Basics of 3D design for FFF technology

In the 3D printing process in FFF technology it is possible – in a big simplification – to distinguish the following stages:

  • 3D computer design,
  • preparation of the model for printing,
  • printout,
  • postprocessing.

The foundation of 3D printing is always correctly created CAD model and its proper preparation for 3D printing, which takes place in software compatible with the printer, eg. Simplify 3D. The thickness of the walls and holes or supports are determined at this stage and the stability of the 3D print, ultimate durability or aesthetics depends on it.

3D design involves a lot of variables that are difficult to summarize in one article. Below we introduce only an outline of basic concepts, from which it is worth to start searching for knowledge in specialist works and articles. Separate and wide problem is a material shrinkage. Remember that design is just one of the points on the way to the perfect 3D print. Many factors should also be taken into account in further processes, such as slicing or choosing the right 3D print parameters – although the calibrated settings in professional devices are a big help here.

Wall thickness and hole size

“When designing, remember about the minimum wall thickness of the model, which should not be less than the width of the material path to be extruded. For a good strength model we recommend using walls with a width of at least 2 mm,” says Piotr Maslej, Mechanical Engineer at OMNI3D. An important issue is the design of holes that will match the cooperating element. Two possibilities are indicated here: design of holes smaller than the assumed diameter, intended for correcting in the post-production process or designing the diameter with regard to variables, including the fact that due to the specificity of FFF technology, the holes usually have a diameter smaller by about 0,1 mm from the assumed one.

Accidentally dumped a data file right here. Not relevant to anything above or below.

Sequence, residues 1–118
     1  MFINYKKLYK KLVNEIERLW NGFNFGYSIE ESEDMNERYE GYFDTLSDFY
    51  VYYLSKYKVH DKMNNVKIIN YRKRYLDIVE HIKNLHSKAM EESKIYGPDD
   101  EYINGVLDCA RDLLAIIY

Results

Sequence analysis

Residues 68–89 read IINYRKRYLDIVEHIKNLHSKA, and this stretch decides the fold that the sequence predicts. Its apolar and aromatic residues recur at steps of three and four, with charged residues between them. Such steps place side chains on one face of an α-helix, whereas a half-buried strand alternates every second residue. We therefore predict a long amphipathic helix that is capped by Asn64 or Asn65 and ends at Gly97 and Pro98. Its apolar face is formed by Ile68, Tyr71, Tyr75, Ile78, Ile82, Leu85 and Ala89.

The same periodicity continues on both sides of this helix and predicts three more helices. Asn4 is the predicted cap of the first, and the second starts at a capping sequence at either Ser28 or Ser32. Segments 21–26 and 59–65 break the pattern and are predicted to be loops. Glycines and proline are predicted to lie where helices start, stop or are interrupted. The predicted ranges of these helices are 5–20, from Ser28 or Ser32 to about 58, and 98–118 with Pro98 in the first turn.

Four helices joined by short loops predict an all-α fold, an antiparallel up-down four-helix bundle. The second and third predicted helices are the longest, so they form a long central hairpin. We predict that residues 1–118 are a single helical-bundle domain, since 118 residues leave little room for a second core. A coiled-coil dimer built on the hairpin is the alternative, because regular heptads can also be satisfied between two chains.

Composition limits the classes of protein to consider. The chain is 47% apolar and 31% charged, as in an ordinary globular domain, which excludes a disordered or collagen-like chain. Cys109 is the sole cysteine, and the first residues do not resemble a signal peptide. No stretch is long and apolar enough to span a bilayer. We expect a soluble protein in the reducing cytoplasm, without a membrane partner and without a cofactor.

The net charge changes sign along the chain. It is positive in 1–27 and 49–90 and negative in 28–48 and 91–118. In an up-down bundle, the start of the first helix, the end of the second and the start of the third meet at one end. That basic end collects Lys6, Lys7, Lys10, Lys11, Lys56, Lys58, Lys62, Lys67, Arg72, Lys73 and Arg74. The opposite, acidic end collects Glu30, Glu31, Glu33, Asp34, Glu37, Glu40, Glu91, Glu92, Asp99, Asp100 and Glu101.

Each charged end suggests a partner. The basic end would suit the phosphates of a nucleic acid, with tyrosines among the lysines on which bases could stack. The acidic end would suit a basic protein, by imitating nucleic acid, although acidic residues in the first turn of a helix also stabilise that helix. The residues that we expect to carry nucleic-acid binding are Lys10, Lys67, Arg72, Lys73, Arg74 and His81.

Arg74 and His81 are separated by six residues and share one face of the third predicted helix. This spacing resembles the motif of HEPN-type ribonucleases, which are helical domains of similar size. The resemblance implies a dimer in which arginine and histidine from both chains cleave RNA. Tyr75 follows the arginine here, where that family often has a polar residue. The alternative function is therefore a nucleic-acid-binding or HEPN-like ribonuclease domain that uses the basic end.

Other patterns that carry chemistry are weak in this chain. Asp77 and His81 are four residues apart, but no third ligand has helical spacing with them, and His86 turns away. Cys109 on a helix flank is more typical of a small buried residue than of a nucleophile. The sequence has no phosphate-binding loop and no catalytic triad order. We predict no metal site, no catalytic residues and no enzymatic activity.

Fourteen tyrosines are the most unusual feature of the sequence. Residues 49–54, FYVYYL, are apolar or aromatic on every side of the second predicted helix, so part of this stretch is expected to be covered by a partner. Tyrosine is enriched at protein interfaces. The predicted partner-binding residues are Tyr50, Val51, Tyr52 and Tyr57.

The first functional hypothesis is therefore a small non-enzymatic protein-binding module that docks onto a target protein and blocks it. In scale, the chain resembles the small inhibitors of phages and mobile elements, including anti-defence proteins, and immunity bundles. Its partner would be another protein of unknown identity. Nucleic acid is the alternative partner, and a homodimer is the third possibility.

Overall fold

While modeling an element, it is also worth remembering that the fewer supports, the easier implementation and post-processing of the 3D print we get – with more accuracy of it. The number of supports depends on the angles of walls inclination relative to the table. Wherever the angle is smaller, we can expect that a program compatible with the 3D printer create more supports. Sometimes we can not avoid it, but in all cases when it is possible, it is worth re-checking the structure of the model.

The accuracy of the exported file

The last of the basic design principles is the very path of processing the model into a file ready for 3D printing. STL (Standard Triangle Language), a standard file format in 3D printing, is based on the CAD model. Using the triangle mesh, it maps the walls of the model. As the grid density increases, the size of the file and the time it is processed by the cutting program grow, but at the same time the model accurately reproduces the shape we care about. If the detail consists only of simple shapes (cubes, prisms), it can be exported with less densities of the net without losing the specificity of the model. Details with curved planes (round) are exported with the greatest possible density of the triangle mesh.

Layers with poor and good export quality (simplification).

A balance must be found between the high density and the size of the file. “If we sink the net too much, the file will take up more disk space, and thus, its processing by the program preparing for printing will last longer, without the increase of the print quality,” says Piotr Maslej.

The three-dimensional STL model is then transformed into a G-Code, a software language that issues commands to a 3D printer.

Diversified durability – setting the printout on the work platform

When designing a part that is supposed to transfer loads, you need to remember that 3D printing is an anisotropic body. This means that it has different strength properties in different directions. For example, when analyzing tensile strength, the printout has a different strength parallel to the print layers from the perpendicular strength to the print layers. These differences depend mainly on the material used, 3D print parameters and the way the details are cooled.

In order to achieve the optimum strength of a 3D printed element design for tensile work, it is necessary to set the detail so that the layers are applied in parallel to the acting tensile forces.